Mexico is Latin American winner as Brazil spirals

4/29/16 CNN Money

South-America-BrazilIt’s a tale of two economies for Latin America’s two largest countries.

Brazil is in a political crisis and severe recession. Its president, Dilma Rousseff, could be impeached this year. Brazil’s debt has also been downgraded to junk status.

Meanwhile, Mexico is growing, politics are relatively stable and its debt was upgraded in 2014.

“Right now Mexico and Brazil are as different as they come, this is day and night,” says Alberto Ramos, head of Latin America economic research at Goldman Sachs.

Those diverging narratives bore out Friday. Officials in Brazil announced that unemployment hitnearly 11% in the three months ending in March, way up from about 8% a year ago. Mexico’s unemployment rate is 3.7%.

Mexico’s economy grew 2.7% between January and March compared to a year ago, according to government figures released Friday. That’s even slightly better than what most economists expected.

That’s not stellar growth but it’s a lot better than Brazil’s economy, which shrank 3.8% in the fourth quarter last year and its central bank estimates the economy will contract 3.5% this year.

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Mexico GDP Beats Forecasts on Consumer Spending; Peso Rises

4/29/16 Bloomberg Business

pesoMexico’s economy expanded more than analysts forecast for the third time in four quarters as strength in domestic consumption offset weak exports and a drop in oil output. The peso extended its gain, rallying to the strongest level in more than four months.

Gross domestic product rose 2.7 percent in the first quarter from a year earlier, according to preliminary figures released by the national statistics institute Friday. That compared with the 2.4 percent median forecast of 19 economists surveyed by Bloomberg. From the previous quarter, GDP expanded 0.8 percent. The institute will release final GDP figures May 20.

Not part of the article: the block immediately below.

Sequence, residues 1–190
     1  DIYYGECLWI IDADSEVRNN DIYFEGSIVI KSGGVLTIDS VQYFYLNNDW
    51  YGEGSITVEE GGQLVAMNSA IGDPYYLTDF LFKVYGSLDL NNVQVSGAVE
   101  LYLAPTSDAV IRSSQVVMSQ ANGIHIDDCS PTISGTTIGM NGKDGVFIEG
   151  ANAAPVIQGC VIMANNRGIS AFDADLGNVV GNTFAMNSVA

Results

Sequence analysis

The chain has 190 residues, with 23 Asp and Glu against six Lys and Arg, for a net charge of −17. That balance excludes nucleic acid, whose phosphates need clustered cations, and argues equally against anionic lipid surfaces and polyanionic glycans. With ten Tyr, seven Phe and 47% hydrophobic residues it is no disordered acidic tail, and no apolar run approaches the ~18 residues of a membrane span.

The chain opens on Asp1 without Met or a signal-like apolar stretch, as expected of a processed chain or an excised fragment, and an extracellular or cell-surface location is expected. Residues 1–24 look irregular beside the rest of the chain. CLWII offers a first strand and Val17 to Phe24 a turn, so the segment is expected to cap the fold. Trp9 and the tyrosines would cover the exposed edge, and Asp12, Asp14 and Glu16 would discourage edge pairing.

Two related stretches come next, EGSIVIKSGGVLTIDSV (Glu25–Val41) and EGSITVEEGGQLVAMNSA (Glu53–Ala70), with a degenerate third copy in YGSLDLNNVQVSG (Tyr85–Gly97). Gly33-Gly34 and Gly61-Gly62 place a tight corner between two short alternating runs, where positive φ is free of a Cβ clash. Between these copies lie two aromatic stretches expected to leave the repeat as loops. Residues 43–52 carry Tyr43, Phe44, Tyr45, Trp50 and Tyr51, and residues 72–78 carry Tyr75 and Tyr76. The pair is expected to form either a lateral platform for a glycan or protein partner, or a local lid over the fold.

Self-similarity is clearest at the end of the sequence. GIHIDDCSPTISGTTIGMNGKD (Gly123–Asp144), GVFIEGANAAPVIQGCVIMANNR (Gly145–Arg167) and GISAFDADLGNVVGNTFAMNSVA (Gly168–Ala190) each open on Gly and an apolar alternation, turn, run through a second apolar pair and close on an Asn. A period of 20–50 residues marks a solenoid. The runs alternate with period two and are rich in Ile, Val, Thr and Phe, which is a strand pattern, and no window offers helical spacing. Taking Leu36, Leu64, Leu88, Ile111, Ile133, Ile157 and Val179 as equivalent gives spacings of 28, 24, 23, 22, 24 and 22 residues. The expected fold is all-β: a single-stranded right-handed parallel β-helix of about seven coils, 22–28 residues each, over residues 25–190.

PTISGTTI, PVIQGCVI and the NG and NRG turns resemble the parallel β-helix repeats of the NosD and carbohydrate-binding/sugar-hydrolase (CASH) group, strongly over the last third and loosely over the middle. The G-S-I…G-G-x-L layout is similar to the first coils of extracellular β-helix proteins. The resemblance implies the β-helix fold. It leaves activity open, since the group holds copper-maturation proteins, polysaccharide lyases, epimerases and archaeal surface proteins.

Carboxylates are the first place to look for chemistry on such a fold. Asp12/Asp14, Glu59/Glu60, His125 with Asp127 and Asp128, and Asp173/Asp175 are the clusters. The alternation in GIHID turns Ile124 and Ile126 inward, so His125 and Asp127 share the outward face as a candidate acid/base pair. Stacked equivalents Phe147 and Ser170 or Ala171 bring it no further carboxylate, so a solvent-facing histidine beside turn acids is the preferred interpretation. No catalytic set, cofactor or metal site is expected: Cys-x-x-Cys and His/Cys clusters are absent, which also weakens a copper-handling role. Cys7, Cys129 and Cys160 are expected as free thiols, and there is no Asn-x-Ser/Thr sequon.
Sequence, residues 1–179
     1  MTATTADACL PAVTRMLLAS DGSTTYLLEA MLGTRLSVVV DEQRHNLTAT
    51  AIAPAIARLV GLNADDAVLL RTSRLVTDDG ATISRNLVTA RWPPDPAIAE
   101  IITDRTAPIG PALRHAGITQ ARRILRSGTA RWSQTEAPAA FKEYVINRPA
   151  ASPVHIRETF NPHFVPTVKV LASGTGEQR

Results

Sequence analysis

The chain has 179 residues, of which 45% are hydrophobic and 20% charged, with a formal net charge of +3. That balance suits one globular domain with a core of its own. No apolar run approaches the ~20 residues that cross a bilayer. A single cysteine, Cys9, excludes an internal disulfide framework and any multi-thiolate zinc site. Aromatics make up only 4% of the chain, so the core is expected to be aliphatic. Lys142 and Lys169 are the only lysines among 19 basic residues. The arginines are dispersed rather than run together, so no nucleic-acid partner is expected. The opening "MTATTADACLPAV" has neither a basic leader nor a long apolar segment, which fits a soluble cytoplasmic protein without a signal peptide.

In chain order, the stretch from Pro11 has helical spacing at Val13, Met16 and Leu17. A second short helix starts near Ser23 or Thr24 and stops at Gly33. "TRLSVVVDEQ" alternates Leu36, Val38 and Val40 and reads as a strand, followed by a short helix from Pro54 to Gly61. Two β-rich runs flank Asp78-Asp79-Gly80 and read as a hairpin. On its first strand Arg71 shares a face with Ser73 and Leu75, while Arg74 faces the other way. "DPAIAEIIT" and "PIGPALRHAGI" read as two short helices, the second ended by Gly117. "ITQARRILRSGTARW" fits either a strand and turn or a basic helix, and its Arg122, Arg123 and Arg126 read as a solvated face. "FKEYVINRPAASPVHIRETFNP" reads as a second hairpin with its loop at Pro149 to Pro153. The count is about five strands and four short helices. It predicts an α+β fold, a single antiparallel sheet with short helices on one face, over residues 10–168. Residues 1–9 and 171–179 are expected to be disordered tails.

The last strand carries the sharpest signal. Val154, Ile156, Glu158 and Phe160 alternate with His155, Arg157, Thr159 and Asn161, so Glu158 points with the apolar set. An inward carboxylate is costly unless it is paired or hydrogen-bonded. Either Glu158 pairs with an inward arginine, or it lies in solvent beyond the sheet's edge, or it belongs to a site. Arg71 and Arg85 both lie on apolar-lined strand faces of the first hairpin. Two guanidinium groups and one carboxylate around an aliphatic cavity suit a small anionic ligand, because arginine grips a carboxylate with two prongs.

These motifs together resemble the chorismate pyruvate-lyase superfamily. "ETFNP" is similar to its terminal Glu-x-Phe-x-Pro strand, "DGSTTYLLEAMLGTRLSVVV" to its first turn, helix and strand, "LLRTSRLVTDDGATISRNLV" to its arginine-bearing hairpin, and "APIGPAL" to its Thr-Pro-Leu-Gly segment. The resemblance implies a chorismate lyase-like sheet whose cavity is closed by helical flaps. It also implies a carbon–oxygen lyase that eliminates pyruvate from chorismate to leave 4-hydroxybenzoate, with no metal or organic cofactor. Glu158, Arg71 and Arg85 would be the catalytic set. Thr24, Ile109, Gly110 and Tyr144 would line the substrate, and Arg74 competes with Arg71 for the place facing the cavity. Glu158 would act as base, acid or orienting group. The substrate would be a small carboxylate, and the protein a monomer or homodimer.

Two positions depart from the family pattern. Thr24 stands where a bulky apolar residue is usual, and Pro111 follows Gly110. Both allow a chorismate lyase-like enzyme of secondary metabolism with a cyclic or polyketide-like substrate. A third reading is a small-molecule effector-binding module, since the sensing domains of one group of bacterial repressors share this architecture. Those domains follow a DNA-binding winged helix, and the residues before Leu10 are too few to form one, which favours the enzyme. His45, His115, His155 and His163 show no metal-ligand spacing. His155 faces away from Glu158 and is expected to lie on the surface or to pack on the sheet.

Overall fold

Mexican consumers are spending more as inflation holds near a record low and remittances rise amid weakness in the peso. The country has been a bright spot for growth compared with some Latin American economies such as Brazil, and in an interview last week, central bank Governor Agustin Carstens said it may get even better as factors that have held back the expansion, such as weak exports, begin supporting growth.

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Weaker Peso Fails to Boost Mexican Exports

4/26/16 Wall Street Journal

peso by Guanatos GwynMEXICO CITY—The steep slide of the Mexican peso has failed to boost the country’s manufacturing exports, primarily because of a sluggish U.S. industrial sector coupled with close integration of supply chains across the U.S.-Mexico border.

Economists say the peso’s 24% depreciation against the U.S. dollar in the past 18 months should make Mexican-made goods more competitive. But the reaction has been slow because of close synchronization of U.S. and Mexican business cycles.

Exports of manufactured goods, which account for 90% of Mexico’s total exports, fell 6.5% in March from the year-earlier month, the government statistics institute said Tuesday. The drop was led by a 10% fall in auto industry exports.

Imports of intermediate goods, equipment and machinery—all key components for manufacturing exports—also fell in March, contributing to a $155 million trade surplus for the month.

Despite Mexico’s free-trade agreements with 46 countries, including the European Union and Japan, about 80% of its $380 billion annual exports go to the U.S.

A recent Bank of Mexico analysis showed that demand for Mexican components in the U.S. export sector has more of a short-term impact on Mexican exports than changes in the peso-dollar exchange rate.

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BP Results Still Hurt by Gulf of Mexico Spill

4/26/16 Wall Street Journal

BPLONDON— BP PLC’s fatal blowout in the Gulf of Mexico in 2010 continues to haunt the company, helping to drag its quarterly earnings into a second consecutive loss and overshadowing the British oil giant’s progress on cost cuts.

BP on Tuesday said its earnings took a $917 million hit in the first quarter related to the Deepwater Horizon explosion that killed 11 workers and caused a massive spill in the Gulf of Mexico, a disaster that changed the course of the British oil giant and cost the company $56.4 billion to date.

The additional spill costs and the weakest oil prices in over a decade cast a cloud over BP’s financial performance, despite signs that heartened investors and caused the firm’s shares to jump over 4%.